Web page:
Newly sworn Tampa Mayor Jane Castor vows to chart her own path

Jane Castor, with partner Ana Cruz and their sons at her side, is sworn in as Tampa mayor by U.S. District Judge Mary Scriven on Wednesday at Armature Works. [OCTAVIO JONES | Times]
Jane Castor, with partner Ana Cruz and their sons at her side, is sworn in as Tampa mayor by U.S. District Judge Mary Scriven on Wednesday at Armature Works. [OCTAVIO JONES | Times]
Published May 2, 2019

TAMPA — Jane Castor promised to be both a trailblazer and a reliable guide to the city's future Wednesday in a speech before a packed reception hall at one of the city's buzzy new venues.

Castor, 59, gave a 15-minute address that praised her predecessor and enthusiastic supporter, outgoing Mayor Bob Buckhorn, but charted her own path in the "next chapter in the success story that is Tampa."

The city's first openly gay mayor vowed that the most racially and economically diverse city in Tampa Bay will underpin her first four-year term as mayor.

"The values we share — diversity, equality and opportunity — are the same values that have guided my career from the first day as a beat cop to may last day as chief of police. It is those values that will guide me as your mayor," she said to a standing-room only crowd in the The Gathering reception hall at Armature Works, the entertainment and social hub on the east bank of the Hillsborough River just north of downtown.

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Castor laid out a vision for her administration with a literary blueprint. She extolled Ybor City, East Tampa, West Tampa, baseball and cigars as the setting. She said the city's diversity and pluckiness were its characters and promised not to bore.

"We're not going to write a subtle little storyline. We're going to swing for the rafters," she said.

The city's 59th mayor praised Buckhorn's era as having all the elements of a best seller, but promised to chart her own path on transit, attracting innovative jobs and finding a solution to the city's growing affordable housing problem.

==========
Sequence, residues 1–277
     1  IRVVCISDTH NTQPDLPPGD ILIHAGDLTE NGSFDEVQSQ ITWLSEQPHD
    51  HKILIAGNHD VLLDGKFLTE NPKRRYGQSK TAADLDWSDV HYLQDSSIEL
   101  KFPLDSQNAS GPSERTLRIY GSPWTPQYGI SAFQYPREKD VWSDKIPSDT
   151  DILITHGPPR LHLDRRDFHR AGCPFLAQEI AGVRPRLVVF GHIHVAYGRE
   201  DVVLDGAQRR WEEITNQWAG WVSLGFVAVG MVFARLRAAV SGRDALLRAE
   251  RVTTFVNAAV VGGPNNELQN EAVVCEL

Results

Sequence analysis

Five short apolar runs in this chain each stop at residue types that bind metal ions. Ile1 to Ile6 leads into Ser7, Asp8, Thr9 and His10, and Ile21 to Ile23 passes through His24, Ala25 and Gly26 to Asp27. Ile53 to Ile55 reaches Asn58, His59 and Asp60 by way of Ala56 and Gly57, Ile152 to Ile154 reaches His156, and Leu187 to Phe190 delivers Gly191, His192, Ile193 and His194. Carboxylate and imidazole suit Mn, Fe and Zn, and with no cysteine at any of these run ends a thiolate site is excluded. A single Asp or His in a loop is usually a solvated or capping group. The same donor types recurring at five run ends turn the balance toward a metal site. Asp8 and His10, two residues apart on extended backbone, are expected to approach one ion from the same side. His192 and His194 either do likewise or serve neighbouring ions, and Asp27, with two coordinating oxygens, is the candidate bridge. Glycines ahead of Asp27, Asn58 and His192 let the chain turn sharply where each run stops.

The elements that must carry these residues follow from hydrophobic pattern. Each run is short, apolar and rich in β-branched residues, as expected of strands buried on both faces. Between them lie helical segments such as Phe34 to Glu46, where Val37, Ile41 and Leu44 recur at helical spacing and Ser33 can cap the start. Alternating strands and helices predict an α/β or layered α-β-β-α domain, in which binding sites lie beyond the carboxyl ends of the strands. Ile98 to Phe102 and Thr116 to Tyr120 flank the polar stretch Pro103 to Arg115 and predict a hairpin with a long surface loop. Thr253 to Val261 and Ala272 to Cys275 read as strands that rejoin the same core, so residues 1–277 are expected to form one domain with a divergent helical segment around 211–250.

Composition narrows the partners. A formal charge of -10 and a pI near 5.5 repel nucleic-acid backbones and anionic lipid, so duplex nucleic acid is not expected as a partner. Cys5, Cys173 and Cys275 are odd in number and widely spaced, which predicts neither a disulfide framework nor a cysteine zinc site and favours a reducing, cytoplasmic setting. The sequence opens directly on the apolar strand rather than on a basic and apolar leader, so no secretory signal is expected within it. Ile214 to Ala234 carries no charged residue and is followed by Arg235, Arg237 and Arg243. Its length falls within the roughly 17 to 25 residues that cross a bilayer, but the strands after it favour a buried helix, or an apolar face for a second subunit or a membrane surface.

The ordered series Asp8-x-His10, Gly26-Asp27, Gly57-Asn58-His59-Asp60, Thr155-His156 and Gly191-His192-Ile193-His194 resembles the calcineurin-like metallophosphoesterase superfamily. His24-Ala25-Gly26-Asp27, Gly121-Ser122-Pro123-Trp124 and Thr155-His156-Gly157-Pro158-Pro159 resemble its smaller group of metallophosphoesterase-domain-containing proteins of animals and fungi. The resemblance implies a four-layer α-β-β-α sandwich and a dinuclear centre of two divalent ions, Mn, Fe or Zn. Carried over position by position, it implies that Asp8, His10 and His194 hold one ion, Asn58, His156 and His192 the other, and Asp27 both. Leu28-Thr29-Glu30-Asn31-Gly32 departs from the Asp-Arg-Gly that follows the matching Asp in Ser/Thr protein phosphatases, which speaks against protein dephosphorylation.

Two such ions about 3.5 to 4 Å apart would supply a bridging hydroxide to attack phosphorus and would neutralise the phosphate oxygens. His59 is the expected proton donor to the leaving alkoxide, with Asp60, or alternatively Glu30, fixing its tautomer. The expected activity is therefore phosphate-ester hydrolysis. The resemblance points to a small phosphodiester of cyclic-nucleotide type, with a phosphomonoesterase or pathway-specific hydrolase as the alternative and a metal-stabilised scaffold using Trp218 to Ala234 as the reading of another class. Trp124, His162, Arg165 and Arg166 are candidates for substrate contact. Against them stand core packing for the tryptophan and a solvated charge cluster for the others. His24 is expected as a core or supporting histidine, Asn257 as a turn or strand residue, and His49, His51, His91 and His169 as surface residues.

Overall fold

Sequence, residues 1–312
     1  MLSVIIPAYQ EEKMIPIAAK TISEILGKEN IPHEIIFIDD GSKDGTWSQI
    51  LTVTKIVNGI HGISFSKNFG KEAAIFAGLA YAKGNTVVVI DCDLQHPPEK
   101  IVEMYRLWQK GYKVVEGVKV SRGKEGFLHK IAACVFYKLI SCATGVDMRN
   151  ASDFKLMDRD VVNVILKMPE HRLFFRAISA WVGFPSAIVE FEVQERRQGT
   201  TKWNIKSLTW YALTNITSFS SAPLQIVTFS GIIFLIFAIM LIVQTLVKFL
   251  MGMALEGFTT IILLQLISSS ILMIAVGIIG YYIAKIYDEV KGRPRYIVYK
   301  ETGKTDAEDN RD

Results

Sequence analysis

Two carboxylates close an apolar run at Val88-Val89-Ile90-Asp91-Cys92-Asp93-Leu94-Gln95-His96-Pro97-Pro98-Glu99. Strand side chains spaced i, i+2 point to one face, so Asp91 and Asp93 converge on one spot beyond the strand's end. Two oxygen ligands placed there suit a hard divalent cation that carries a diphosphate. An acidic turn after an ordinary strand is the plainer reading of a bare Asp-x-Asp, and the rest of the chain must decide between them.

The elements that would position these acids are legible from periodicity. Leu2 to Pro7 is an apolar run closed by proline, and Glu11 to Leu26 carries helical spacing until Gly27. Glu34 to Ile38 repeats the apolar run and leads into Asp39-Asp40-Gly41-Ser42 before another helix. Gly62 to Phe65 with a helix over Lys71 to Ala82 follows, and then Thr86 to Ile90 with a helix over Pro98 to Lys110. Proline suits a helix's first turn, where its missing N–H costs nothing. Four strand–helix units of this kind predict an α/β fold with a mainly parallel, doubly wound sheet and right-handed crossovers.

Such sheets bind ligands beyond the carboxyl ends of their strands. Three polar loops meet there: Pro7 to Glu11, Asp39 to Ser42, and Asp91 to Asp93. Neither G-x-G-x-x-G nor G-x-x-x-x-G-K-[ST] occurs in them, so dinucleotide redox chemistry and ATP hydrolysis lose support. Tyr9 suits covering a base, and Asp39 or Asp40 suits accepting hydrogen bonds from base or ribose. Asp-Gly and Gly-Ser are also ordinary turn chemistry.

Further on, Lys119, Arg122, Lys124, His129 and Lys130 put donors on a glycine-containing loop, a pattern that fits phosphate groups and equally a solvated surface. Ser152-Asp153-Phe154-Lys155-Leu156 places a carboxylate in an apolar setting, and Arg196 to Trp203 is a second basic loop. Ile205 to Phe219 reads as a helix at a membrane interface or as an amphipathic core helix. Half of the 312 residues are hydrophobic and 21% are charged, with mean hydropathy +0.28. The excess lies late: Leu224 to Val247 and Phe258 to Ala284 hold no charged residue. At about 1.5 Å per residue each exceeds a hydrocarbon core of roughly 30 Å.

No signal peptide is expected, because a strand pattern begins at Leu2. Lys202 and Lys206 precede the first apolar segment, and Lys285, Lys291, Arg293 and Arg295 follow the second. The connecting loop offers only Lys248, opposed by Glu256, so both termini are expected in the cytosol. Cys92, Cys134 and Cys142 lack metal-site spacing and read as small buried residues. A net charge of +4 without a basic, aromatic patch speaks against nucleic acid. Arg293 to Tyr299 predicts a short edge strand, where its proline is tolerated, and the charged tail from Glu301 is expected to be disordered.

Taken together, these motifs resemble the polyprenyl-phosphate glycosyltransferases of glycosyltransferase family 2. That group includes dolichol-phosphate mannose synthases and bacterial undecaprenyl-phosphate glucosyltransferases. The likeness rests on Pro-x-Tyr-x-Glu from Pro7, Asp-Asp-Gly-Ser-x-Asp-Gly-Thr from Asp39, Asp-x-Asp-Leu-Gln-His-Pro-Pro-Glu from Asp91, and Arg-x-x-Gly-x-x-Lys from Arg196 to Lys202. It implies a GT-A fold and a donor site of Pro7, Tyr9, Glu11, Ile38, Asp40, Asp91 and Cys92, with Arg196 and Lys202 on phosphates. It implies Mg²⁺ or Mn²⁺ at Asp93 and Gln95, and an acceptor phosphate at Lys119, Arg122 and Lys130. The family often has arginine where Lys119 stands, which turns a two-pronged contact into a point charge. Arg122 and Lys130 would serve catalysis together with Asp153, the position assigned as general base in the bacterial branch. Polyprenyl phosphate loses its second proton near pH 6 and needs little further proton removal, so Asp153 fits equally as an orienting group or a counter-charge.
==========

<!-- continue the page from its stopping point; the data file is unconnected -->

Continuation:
"Much of Tampa's story has yet to be written, and how we write this chapter, our chapter and how we tackle our biggest challenges will largely determine our fate," she said.

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And she promised to be the principal writer of that chapter, quoting Ralph Waldo Emerson: "Do not follow where the path may lead, go instead where there is no path and leave a trail."

St. Petersburg Mayor Rick Kriseman and Clearwater Mayor George Cretekos were in attednance, as well as all of Tampa's living former mayors.

The standing-room crowd that spilled into other parts of the venue was more than 1,500 estimated city spokeswoman Ashley Bauman.

The seven City Council members were also sworn in by U.S. District Court Judge Mary Scriven, who told newly elected member John Dingfelder to face her on the stage.

"I know you like to turn left, John," Scriven quipped, drawing laughter.

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The non-partisan mayor and council posts are traditionally dominated by Democrats in the heavily Democratic city.

When swearing in Castor, Scriven said usually mayors are asked to be the leader of the whole city, not just those who voted for them.

"But, in your case, that' s just about everybody," Scriven said.

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Castor defeated retired banker David Straz on April 23 in a landslide 73-27 percentage point margin.

The 31-year veteran of the Tampa Police Department now takes the helm of the state's third-largest city.